Growing Holistically

David Demosthenes ‘17
David Demosthenes '17 on quad in front of Edgerly Hall

When you graduate, you don’t just have a degree. I made sure those four years of growth weren’t just academic growth.

For David Demosthenes ‘17, a little engagement on campus was not enough.

A Fitchburg native, Demosthenes said he had originally hoped to attend music school in Boston, but couldn’t beat the price of attending his local public university. “Once I came in, I figured if I’m here, I may as well get involved,” he said.

His first exposure to the breadth of campus life was a job on campus helping plan events for commuter students. “That really opened the door and got me involved,” he said. 

There was no turning back. Beyond his work with commuter affairs and assisting in the university’s Human Resources office, Demosthenes was a building manager in Hammond Hall, and an orientation leader. He was a member of the Fitchburg Activities Board and World Integrated Nations, and helped with programming for the Center for Diversity and Inclusiveness. He also spent three years with the Alternative Spring Break program, traveling to different parts of the country to help build houses for Habitat for Humanity. Back on campus he completed a variety of leadership training programs offered by the Office of Student Development.

“Engagement was a slippery slope for me,” he recalled with a laugh. “College became more than just going to school and getting grades. Your life doesn’t stop growing during those four years; you grow holistically. When you graduate, you don’t just have a degree. I made sure those four years of growth weren’t just academic growth.”

To be sure, there was academic growth as well; Demosthenes completed a degree in history with minors in political science and music. The multi-talented musician plays saxophone, clarinet, drums and guitar, and teaches music lessons on the side.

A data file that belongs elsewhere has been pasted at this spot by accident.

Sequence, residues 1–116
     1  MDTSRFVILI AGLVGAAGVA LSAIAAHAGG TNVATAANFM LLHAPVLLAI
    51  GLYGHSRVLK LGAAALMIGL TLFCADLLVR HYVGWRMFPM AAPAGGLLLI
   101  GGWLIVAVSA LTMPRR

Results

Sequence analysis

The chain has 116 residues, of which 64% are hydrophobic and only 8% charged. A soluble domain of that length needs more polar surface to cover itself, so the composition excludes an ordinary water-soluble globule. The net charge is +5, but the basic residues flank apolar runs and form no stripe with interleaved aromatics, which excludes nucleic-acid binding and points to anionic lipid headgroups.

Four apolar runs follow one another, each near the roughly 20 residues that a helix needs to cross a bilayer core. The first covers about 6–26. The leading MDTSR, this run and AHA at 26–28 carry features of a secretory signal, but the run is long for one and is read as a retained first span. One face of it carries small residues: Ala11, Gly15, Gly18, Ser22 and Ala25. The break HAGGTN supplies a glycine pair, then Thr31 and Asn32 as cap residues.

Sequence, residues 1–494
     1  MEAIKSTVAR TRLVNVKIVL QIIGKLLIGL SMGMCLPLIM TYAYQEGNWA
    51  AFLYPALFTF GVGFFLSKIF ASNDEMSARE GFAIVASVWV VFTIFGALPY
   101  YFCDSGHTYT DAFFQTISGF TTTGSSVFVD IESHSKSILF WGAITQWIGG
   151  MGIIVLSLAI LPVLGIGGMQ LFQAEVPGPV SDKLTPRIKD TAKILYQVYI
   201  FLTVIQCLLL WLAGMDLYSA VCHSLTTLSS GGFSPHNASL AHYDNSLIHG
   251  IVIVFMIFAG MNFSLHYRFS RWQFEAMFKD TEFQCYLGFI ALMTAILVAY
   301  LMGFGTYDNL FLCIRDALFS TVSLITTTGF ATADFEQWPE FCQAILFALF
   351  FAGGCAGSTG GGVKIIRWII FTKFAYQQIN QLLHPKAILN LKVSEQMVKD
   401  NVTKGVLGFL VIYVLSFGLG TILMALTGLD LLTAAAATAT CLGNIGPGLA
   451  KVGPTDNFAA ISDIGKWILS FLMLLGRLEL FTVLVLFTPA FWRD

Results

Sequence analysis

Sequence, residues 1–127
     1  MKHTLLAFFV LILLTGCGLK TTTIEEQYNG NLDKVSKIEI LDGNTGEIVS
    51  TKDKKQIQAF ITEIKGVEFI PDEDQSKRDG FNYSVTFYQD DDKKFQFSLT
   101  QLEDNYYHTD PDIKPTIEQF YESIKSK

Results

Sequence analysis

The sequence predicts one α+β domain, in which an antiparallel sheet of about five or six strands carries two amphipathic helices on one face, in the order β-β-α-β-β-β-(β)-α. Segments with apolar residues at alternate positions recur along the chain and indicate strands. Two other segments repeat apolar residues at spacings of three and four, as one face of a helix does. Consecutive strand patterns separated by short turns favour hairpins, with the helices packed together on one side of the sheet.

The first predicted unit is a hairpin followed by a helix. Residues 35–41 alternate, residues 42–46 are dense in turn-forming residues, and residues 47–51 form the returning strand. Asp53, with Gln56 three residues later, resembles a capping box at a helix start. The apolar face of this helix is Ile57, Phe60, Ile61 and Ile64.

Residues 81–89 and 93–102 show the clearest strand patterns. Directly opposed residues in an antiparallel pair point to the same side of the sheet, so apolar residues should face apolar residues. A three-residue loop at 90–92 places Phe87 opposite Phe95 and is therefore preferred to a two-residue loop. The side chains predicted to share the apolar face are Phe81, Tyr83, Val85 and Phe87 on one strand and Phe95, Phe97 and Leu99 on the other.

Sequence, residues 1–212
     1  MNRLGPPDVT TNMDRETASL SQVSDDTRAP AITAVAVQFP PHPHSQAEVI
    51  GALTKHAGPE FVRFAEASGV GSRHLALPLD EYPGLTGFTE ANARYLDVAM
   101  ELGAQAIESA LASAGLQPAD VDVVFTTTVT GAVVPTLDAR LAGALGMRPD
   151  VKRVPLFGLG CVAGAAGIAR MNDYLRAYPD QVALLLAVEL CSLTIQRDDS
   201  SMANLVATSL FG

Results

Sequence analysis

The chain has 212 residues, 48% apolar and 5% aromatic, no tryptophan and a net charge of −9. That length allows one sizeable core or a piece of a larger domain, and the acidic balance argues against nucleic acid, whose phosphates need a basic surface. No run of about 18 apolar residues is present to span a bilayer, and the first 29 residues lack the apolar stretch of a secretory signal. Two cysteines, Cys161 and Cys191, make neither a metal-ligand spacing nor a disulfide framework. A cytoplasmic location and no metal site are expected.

It is in his professional job, however, that he channels all the skills he acquired during his multifaceted on-campus experience. Demosthenes works as an office and grants manager for the Wagner Foundation, where his duties include finance and operations. The Boston-based foundation’s mission is to confront social and historical disparities that perpetuate injustice, with a focus on health equity and economic prosperity.

The work resonates with Demosthenes, himself a spiritual person who sees a direct connection between the hours he spent with Alternative Spring Break and the work he does now, which includes interacting with international donors.

“It’s taking everything I learned and applying it in a different context,” he said. “It’s a purpose-driven position. A lot of that Alternative Spring Break work was about having a ‘boots on the ground’ experience, and that has really translated into philanthropic work.”

Demosthenes - whose siblings are also Fitchburg State graduates - has stayed active with his alma mater, serving for several years on the alumni board. The university is still close to his heart, and he said he hopes future Falcons embrace the same variety of opportunities he pursued.

“Growth never stops,” he said. “You should be seeking to grow in every aspect of your life, no matter where you are.”

This story was originally published in the Spring 2022 edition of Contact magazine.